Werd ich von euch wie ein Lügner behandelt! Ich befehle euch:
Verbrennt mich!


Der Abschied (“The Parting”)

by Bertolt Brecht
loose translation/interpretation by Michael R. Burch

We embrace;
my fingers trace
rich cloth
while yours encounter only moth-
eaten fabric.
A quick hug:
you were invited to the gay soiree
while the minions of the "law"
relentlessly pursue me.
We talk about the weather
and our eternal friendship's magic.
Anything else would be too bitter,
too tragic.

Der Abschied

 Wir umarmen uns.
Ich fasse reichen Stoff
Du fassest armen.
Die Umarmung ist schnell
Du gehst zu einem Mahl
Hinter mir sind die Schergen.
Wir sprechen vom Wetter und von unserer
Dauernden Freundschaft. Alles andere
Wäre zu bitter


Die Maske des Bösen (“The Mask of Evil”)

by Bertolt Brecht
loose translation/interpretation by Michael R. Burch

A Japanese woodcarving hangs on my wall—
the mask of an ancient demon, limned with golden lacquer.
Not unsympathetically, I observe
the forehead’s bulging veins,
the tremendous strain
such malevolence requires.

 Die Maske des Bösen

 An meiner Wand hängt ein japanisches Holzwerk 
Maske eines bösen Dämons, bemalt mit Goldlack.
Mitfühlend sehe ich / 
Die geschwollenen Stirnadern, andeutend 
Wie anstrengend es ist, böse zu sein.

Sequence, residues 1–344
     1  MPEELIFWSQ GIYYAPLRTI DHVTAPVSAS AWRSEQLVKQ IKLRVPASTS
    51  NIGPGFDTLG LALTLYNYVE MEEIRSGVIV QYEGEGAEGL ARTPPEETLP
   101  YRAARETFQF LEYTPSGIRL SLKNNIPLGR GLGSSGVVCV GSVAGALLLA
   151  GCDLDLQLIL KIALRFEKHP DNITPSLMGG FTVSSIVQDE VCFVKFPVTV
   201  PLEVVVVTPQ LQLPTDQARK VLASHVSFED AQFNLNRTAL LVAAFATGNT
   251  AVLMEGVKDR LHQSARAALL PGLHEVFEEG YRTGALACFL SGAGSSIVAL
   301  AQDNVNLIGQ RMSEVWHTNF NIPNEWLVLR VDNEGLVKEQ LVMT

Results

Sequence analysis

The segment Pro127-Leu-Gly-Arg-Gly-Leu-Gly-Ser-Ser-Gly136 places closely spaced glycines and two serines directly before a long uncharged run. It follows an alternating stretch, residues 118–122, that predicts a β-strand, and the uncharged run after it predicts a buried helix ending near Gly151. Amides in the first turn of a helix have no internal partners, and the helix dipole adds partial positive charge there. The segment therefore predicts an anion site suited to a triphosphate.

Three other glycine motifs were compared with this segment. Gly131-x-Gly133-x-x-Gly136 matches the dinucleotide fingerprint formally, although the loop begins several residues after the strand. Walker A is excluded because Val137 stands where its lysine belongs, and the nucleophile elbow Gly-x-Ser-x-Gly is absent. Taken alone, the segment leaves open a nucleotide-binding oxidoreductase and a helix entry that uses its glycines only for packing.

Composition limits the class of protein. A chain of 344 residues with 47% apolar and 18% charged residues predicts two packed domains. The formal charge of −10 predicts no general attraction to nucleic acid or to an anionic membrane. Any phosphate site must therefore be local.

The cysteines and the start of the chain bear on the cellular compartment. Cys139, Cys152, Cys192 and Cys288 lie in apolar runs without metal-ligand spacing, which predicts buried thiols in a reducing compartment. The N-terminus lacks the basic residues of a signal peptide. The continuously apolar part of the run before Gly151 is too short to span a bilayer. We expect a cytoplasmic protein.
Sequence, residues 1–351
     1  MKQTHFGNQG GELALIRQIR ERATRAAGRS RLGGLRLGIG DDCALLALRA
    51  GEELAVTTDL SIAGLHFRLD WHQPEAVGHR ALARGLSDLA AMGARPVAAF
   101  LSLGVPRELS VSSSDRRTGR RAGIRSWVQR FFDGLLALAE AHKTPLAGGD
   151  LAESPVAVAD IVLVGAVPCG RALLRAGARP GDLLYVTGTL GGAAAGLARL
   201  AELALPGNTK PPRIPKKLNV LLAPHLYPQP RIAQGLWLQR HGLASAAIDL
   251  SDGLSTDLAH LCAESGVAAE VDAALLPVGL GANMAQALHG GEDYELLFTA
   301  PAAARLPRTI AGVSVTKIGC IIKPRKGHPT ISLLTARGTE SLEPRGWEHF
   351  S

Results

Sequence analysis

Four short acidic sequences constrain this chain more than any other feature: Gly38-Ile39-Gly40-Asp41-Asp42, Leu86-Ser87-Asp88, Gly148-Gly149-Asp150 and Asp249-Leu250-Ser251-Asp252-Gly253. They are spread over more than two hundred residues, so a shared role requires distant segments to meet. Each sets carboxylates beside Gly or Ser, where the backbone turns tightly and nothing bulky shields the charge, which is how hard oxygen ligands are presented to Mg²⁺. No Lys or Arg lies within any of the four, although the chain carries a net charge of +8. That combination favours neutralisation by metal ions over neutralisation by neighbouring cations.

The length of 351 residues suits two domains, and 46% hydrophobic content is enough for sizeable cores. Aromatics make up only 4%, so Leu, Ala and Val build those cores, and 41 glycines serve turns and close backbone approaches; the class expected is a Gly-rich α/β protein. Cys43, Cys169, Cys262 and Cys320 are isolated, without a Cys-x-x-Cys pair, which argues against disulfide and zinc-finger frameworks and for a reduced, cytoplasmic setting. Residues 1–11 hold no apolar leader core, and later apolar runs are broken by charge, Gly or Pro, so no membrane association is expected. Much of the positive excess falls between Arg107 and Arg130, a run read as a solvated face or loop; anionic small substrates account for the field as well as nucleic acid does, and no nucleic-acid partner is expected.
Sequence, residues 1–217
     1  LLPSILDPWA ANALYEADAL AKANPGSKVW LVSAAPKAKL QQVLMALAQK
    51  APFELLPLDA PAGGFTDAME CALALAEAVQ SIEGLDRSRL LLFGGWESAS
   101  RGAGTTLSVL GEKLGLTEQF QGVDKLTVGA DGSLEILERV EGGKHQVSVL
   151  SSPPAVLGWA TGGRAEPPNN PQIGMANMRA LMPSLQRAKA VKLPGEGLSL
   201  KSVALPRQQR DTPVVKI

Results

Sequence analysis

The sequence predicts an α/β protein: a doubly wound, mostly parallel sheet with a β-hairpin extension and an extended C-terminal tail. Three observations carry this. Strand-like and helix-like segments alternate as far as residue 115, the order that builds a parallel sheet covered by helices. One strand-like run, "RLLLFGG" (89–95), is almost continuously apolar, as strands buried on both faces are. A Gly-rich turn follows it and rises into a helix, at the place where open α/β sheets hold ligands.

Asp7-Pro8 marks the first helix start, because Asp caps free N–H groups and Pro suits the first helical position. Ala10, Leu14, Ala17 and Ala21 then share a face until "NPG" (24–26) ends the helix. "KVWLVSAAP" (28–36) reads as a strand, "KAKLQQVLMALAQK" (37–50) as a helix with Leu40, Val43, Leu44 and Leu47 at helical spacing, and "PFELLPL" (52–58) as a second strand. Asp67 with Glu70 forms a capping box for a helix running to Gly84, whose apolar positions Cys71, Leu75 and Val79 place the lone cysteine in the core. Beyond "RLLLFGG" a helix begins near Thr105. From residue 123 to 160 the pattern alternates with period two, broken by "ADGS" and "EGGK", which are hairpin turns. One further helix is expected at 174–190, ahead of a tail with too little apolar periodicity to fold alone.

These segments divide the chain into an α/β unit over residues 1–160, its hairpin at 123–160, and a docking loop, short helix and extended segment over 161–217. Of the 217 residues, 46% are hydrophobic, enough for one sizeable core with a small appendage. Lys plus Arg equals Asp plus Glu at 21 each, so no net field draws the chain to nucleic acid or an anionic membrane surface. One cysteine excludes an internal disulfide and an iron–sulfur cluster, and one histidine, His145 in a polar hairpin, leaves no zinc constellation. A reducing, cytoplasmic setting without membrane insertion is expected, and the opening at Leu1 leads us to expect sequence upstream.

ON LOOKING AT SCHILLER’S SKULL

by Johann Wolfgang von Goethe
loose translation/interpretation by Michael R. Burch

 
Here in this charnel-house full of bleaching bones,
like yesteryear’s
fading souvenirs,
I see the skulls arranged in strange ordered rows.

Who knows whose owners might have beheaded peers,
packed tightly here
despite once repellent hate?
Here weaponless, they stand, in this gentled state.

These arms and hands, they once were so delicate!
How articulately
they moved! Ah me!
What athletes once paced about on these padded feet?

Still there’s no hope of rest for you, lost souls!
Deprived of graves,
forced here like slaves
to occupy this overworld, unlamented ghouls!

Now who’s to know who loved one orb here detained?
Except for me;
reader, hear my plea:
I know the grandeur of the mind it contained!

Yes, and I know the impulse true love would stir
here, where I stand
in this alien land
surrounded by these husks, like a treasurer!

Even in this cold,
in this dust and mould
I am startled by a strange, ancient reverie, ...
as if this shrine to death could quicken me!

One shape out of the past keeps calling me
with its mystery!
Still retaining its former angelic grace!
And at that ecstatic sight, I am back at sea ...

Swept by that current to where immortals race.
O secret vessel, you
gave Life its truth.